The 1830 census was taken over a period of one year, beginning on June 1, 1830. It collected similar information to past census periods, along with some new questions introduced for the first time.
This was the first census to list categories for persons who were “aliens.” This information can be useful to point you in the direction of court records pertaining to naturalization.
Other new questions included a category for persons who were deaf, dumb or blind. This information could lead you to important institutional records.
The first family would have been recorded in June 1, 1830 and the last on June 1.1831. The numbers shown in the categories did not distinguish between who was family and any others who were in the household such as relatives, friends, employees, visitors, boarders, servants.
No matter when the census taker came, he was to record who was in the house as of June 1, 1830. If a child was born after this date they were not to be counted.
If a person died before this date, they were not to be counted. It is very probable the census taker just recorded who was there the day they arrived.
1830 Census Facts
1830 Census Number: 12,866,020
1830 Census Slave Population: 2,009,043
1830 Census Day: June 1, 1830
1830 Census duration: 12 months
1830 Census States: 24 States
1830 Census Territories: 4 Territories
% increase of population from 1820 to 1830: 33.5%
Questions Asked in the 1830 Census
Some of the questions answered by the 1830 census included:
The U.S. population increased by 33.5 percent from the 1820 census to the 1830 census.
1830 census took approximately $379,000 and 1,519 enumerators to complete the 1830 census.
First census when the government provided pre-printed forms.
Enumerators were asked to send the original or a copy to Washington.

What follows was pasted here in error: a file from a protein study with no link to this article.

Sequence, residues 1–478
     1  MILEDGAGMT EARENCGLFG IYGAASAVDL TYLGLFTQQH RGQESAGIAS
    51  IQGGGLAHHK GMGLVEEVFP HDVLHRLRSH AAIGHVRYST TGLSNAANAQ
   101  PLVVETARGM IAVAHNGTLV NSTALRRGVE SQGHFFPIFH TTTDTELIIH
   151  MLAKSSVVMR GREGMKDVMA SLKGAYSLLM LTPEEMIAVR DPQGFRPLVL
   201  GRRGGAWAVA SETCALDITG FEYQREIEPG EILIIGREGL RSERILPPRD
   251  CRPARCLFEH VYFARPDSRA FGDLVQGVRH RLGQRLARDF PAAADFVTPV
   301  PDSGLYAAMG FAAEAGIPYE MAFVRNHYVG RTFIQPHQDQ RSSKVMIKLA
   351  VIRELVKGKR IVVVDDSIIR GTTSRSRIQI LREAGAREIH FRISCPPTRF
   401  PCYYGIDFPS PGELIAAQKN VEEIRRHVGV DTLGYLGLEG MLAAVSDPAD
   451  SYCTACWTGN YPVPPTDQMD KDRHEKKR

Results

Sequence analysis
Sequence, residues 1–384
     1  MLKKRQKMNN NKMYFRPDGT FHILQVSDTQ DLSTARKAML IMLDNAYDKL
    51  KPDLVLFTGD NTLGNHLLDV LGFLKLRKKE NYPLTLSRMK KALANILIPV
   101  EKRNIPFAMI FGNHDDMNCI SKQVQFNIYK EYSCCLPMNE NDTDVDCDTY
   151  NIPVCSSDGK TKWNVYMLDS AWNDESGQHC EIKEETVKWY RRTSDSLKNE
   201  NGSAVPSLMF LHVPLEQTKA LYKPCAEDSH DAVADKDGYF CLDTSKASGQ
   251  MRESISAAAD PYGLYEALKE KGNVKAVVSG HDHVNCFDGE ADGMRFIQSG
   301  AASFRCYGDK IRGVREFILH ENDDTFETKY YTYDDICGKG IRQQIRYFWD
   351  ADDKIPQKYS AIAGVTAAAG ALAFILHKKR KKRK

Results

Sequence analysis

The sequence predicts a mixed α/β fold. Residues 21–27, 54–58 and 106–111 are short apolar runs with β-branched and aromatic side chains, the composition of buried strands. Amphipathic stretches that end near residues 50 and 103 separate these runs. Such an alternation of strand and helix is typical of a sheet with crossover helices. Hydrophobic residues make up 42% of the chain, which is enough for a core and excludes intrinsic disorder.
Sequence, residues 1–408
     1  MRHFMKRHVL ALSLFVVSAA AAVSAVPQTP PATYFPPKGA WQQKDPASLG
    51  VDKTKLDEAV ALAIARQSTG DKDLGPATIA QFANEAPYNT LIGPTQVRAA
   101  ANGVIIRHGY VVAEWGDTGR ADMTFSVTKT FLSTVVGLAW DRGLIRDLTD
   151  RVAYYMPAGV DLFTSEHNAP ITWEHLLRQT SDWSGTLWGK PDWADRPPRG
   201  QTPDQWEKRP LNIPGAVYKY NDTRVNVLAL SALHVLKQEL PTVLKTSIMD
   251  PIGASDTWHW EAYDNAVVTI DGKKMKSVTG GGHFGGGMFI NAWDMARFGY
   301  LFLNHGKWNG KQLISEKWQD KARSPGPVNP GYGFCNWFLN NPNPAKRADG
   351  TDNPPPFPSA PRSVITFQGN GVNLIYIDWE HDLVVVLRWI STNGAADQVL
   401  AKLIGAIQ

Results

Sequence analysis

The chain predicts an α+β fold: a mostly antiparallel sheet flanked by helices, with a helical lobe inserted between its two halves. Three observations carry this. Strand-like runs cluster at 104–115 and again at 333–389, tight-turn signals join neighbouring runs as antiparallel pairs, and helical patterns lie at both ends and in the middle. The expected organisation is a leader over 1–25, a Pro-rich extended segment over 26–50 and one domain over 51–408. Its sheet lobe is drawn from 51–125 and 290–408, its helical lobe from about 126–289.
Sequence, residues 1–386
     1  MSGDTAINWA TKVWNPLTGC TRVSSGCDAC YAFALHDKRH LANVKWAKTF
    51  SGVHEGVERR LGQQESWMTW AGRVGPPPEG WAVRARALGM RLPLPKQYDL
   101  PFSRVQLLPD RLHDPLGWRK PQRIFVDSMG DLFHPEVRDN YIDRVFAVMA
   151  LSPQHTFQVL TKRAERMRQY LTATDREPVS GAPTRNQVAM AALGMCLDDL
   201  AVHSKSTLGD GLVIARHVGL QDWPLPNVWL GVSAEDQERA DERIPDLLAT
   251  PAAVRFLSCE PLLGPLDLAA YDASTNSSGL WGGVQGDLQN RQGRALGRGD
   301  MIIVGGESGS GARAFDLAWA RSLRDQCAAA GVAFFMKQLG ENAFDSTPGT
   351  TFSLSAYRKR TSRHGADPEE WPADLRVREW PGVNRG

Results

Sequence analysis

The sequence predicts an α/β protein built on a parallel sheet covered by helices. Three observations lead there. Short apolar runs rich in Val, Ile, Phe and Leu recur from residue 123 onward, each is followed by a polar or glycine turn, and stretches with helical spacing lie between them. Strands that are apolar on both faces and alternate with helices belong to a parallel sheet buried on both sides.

First census that includes Florida.
The 1830 censuses were public meaning they were posted publicly so those included on the census could, if they could read, view and catch omissions and errors.
Baltimore edges out Philadelphia by 158 to claim the spot as the second largest city in the US with a population of 80,620. New York City with a population of 202,589 is by far the largest.
Historical Considerations of the 1830 Census
When you are searching for an individual in the 1830 census, you should be aware that it was possible for several families to have the same name at the time. Also, names were not always spelled correctly.
The census information can help you to identify common misspellings and separate one family’s information from another family’s information.
Slaves and Free African Americans
“Free men of color” were listed as heads of households, and their other family members may be traceable using tax records and other records from the time.
If you are looking for information about a slave, that slave will be listed under the slaveholder’s name on the census records.
10 Largest Urban Places in 1830
New York City, NY
Boston town, MA
New Orleans, LA
Northern Liberties township, PA
Southwark district, PA
Historical events surrounding the 1830 US Census
December 10, 1830 - Poet Emily Dickinson is born in Amherst MA.
January 10, 1835 - The first attempted assassination of a US President (Andrew Jackson) fails when the assailants gun misfires.
The 1830 Census recorded information from 24 states and 4 territories. The new state of Missouri was included, as well as the Arkansas Territory, Michigan Territory (inc. Wisconsin & Minnesota areas), Oregon Territory and Florida Territories.
Some County wide losses in Indiana (missing Wabash county), Massachusetts, Maryland (missing Montgomery, Prince George’s, Queen Ann’s, St. Mary’s, and Somerset counties), and Mississippi (missing Pike county)
Although the original data is lost, there are ongoing efforts to reproduce the 1830 Census for the missing states by using local county records such as tax lists, oaths of allegiance, land entities, militia lists, petitions, road records, and other sources.
These types of records are also known as census substitutes.